“If you can’t beat ‘em, join ‘em”. I’ve always thought that this saying is bunk. I prefer, “If you can’t beat ‘em, figure out what they’re doing, then do that better than ‘em, then beat ‘em”. It’s not quite as catchy, but it’s a better overall strategy. To this end, consider the Houston Astros, and in particular their efforts in the 2017 ALCS.
The Astros didn’t win that series through black magic or some crucial Yankee mistake. They won because of their innovative “piggybacking” technique, where starters turned relievers like Brad Peacock and Lance McCullers Jr immediately followed brief, high-intensity starts by Charlie Morton. The most obvious example is the crucial Game Seven, where McCullers threw just four innings.
This trend continued into the World Series, where starting-caliber relievers on the Astros threw a combined 11.2 innings across the seven games. It’s a strategy that most teams couldn’t employ outside of the playoffs, but the Yankees appear uniquely able to.
Adam Warren and AJ Cole don’t see much time in games. Cole has been a regular target of jokes about how he pitches once every three weeks, and he’s pitched just 14 times this season, while Warren has made only 20 appearances. Both pitchers enter the game relatively rarely, but often work multiple innings at a time. 35% of Warren’s appearances have gone more than one inning, while 75% of Cole’s relief efforts involve more than three outs. Cole also made two starts this season for the Nationals.
The upshot is that Cole and Warren look like perfect candidates for the Yankees’ own piggybacking strategy. The idea here is pretty simple. Aside from Luis Severino, none of the pitchers in the Yankees’ starting rotation are particularly great at giving length in their starts. In particular, both Domingo German and Sonny Gray have struggled to work deep into games, with just 46% and 50% of their starts this year going more than five innings, respectively.
Instead of hoping that these two pitchers figure out how to stretch out their starts, the Yankees should lean into the fact that neither of them are great at going deep into games. Match one of the Yankees’ long relief pitchers, Cole or Warren, with each of German and Gray. The starter has a goal of recording 9-12 outs, at which point they yield to the reliever, who also works to get 6-9 outs. By the end of that stretch, the Yankees would have six to eight innings of a “start”, at which point the regular high-leverage relievers can take over.
The advantages to this proposal come mostly from allowing German and Gray’s stuff to “play up” in shorter outings. Almost all starters see themselves perform better in relief – which is why they’re deployed in playoff games more and more. When a pitcher knows he only has to work a couple of innings, he can throw at max effort since there’s no sixth inning to reserve energy for. German and Gray clearly have better stuff than they show at times, and in working in shorter bursts, their respective 10.53 and 8.44 K/9 rates could bump up.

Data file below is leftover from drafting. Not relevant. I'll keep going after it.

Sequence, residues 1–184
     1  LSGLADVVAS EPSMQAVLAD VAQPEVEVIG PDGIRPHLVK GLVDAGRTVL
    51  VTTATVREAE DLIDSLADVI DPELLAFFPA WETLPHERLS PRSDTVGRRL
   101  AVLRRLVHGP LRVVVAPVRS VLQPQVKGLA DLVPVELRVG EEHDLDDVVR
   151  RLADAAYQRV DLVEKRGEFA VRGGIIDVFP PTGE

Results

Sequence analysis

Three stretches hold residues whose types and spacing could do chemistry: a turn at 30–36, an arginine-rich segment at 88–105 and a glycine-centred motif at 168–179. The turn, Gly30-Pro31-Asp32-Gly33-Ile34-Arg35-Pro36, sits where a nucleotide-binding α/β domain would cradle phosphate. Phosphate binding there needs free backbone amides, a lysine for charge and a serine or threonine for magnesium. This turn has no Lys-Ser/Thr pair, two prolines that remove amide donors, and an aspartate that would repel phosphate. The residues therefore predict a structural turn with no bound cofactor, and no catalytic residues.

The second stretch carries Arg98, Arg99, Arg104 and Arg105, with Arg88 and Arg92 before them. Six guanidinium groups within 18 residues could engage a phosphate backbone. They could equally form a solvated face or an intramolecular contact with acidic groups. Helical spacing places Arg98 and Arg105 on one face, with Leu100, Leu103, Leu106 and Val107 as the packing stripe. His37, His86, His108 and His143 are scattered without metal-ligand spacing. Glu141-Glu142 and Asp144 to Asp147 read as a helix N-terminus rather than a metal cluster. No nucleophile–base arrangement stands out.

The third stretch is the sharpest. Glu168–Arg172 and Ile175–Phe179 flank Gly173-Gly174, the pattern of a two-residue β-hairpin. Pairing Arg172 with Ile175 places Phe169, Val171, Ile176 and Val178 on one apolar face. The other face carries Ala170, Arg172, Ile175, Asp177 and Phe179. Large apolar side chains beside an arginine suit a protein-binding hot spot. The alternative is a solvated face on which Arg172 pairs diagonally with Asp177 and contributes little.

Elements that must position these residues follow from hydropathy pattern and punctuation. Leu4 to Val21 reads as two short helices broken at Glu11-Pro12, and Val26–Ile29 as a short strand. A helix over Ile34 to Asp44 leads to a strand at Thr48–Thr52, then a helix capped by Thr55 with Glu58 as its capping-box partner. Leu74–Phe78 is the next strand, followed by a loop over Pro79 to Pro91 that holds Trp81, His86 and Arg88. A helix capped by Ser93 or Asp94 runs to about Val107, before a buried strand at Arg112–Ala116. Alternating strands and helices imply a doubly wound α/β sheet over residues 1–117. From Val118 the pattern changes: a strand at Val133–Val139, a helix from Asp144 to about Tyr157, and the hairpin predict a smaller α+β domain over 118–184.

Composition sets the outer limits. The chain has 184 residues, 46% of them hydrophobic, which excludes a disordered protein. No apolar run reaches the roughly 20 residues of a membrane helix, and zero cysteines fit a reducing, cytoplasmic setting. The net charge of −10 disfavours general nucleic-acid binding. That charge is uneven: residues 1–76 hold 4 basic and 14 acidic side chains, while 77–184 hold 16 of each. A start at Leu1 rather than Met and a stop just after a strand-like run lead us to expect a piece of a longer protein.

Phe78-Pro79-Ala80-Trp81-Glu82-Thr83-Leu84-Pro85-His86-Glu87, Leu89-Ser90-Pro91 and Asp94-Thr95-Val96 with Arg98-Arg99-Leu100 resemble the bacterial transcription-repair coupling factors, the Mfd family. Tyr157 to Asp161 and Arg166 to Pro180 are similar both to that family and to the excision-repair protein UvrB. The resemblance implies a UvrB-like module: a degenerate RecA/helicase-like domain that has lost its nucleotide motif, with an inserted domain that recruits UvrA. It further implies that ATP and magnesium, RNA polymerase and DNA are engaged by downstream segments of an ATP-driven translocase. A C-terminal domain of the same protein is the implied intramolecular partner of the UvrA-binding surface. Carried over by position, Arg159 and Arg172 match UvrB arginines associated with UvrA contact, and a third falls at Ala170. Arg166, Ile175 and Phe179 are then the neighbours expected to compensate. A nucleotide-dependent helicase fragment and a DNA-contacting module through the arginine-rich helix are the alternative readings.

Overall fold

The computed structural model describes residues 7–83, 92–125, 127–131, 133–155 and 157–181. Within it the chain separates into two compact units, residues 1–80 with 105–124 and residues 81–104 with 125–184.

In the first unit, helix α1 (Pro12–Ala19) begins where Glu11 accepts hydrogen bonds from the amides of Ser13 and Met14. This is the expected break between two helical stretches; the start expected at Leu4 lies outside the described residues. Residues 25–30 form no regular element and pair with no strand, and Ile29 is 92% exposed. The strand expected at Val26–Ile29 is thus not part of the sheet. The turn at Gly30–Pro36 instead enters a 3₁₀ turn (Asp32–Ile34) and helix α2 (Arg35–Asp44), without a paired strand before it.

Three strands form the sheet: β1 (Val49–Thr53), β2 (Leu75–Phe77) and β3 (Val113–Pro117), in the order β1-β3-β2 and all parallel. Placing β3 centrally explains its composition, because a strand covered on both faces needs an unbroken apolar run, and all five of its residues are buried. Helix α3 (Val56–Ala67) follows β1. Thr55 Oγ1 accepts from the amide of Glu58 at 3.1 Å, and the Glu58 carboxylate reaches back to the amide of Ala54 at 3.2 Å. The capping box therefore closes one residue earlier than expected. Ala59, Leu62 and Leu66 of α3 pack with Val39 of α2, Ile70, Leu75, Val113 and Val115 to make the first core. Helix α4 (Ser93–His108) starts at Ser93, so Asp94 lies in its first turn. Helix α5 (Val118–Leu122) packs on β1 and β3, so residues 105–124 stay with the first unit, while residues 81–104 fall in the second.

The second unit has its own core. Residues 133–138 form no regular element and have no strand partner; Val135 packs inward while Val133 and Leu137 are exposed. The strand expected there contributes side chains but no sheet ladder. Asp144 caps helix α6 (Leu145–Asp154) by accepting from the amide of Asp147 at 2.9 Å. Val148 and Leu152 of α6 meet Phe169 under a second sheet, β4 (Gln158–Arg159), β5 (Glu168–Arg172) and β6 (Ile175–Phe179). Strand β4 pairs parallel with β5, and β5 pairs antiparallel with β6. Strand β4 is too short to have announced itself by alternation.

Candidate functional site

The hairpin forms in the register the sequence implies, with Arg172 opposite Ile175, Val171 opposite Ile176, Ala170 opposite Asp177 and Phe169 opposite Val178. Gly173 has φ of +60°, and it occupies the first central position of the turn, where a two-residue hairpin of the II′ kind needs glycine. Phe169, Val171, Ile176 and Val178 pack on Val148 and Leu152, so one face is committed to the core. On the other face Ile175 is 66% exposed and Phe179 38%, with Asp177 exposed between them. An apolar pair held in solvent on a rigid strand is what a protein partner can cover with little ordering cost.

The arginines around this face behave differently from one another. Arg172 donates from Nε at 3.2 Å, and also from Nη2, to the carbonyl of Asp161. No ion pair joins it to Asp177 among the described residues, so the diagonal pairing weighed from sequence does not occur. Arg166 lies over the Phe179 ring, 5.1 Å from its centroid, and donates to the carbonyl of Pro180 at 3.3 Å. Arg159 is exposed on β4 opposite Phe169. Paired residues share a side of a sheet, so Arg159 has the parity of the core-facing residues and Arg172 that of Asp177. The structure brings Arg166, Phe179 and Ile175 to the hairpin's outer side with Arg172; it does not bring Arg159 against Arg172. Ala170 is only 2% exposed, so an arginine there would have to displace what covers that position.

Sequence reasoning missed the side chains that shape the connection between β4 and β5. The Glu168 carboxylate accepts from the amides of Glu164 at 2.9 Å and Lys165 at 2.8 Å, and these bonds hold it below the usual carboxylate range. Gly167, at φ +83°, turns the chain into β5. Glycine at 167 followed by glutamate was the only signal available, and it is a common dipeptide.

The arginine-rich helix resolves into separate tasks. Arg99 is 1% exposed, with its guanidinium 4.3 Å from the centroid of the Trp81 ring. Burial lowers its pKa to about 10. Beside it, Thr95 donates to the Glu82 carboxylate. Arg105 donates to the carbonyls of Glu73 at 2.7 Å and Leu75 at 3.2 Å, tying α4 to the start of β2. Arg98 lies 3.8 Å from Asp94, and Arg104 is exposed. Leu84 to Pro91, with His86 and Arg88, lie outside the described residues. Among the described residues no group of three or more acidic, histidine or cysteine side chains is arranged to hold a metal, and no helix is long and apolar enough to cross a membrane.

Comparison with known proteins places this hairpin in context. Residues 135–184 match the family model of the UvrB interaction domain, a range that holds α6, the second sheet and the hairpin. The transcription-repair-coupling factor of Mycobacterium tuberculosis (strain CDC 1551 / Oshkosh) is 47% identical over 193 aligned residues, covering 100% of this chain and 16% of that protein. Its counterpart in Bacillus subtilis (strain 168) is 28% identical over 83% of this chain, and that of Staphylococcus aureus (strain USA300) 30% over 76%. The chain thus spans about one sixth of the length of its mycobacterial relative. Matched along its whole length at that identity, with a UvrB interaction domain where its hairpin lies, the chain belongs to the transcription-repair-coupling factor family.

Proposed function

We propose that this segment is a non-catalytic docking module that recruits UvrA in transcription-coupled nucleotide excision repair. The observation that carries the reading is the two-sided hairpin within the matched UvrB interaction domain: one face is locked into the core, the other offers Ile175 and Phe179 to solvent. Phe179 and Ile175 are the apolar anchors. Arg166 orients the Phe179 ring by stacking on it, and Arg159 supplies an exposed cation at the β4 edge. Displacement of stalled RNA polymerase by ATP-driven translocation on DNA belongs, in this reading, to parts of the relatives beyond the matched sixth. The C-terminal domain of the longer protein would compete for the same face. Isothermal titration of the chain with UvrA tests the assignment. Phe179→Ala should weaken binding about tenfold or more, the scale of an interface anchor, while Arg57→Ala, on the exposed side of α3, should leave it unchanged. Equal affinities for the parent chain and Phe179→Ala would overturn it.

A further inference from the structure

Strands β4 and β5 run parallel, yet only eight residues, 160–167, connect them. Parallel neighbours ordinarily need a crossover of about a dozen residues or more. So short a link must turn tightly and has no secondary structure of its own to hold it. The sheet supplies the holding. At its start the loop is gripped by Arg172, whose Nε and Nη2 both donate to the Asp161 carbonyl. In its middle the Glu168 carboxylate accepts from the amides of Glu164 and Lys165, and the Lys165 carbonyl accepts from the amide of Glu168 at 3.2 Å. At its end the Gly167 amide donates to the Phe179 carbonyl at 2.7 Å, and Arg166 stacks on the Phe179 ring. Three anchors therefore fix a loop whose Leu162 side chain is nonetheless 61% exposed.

It’s also important for both pitchers to avoid facing a lineup for the third time. German and Gray both boast their highest HR/FB% the third time through the order, which means they’re more likely to give up that devastating late home run that can dramatically change the entire outlook of a start. The third time through penalty applies to virtually every starter, but German’s 5.99 FIP and Gray’s 4.82 highlights that these two are hit harder than most by the third time penalty. Piggybacking with assigned relievers is the best way to avoid that penalty.
By choosing Warren and Cole specifically, the Yankees also avoid having to use a higher-leverage reliever when they don’t need to. Take two of German’s recent starts for example. On June 24 in Tampa, he pitched just three innings, giving up six runs. He was immediately relieved by Warren, who went to work in a fairly low leverage spot, with an LI of 0.64.
In a start against the Braves on July 3, German was relieved after just 4.1 innings in lieu of Cole, who came in in a high-leverage (LI=2.13) spot. You It’s possible that a higher-leverage reliever was needed in this spot, but more importantly, the team needed length. The Yankees are already preparing to use Warren or Cole in these kinds of situations, so it’s time they codified it.
All athletes are creatures of habit. Their meal plans, workout routines and media exposure are usually carefully managed, and anyone who has ever watched pitchers warm in the bullpen can attest to the fact that pitchers form the thickest habits of all athletes. The Yankees would be well served by adding Warren and Cole as official piggybackers, setting a fourth or fifth inning appearance every five days as routine. The team is one of only a handful in the league with a deep enough bullpen to pull it off, and it’s the best way to cauterize the wounds that the rotation has inflicted so far in 2018.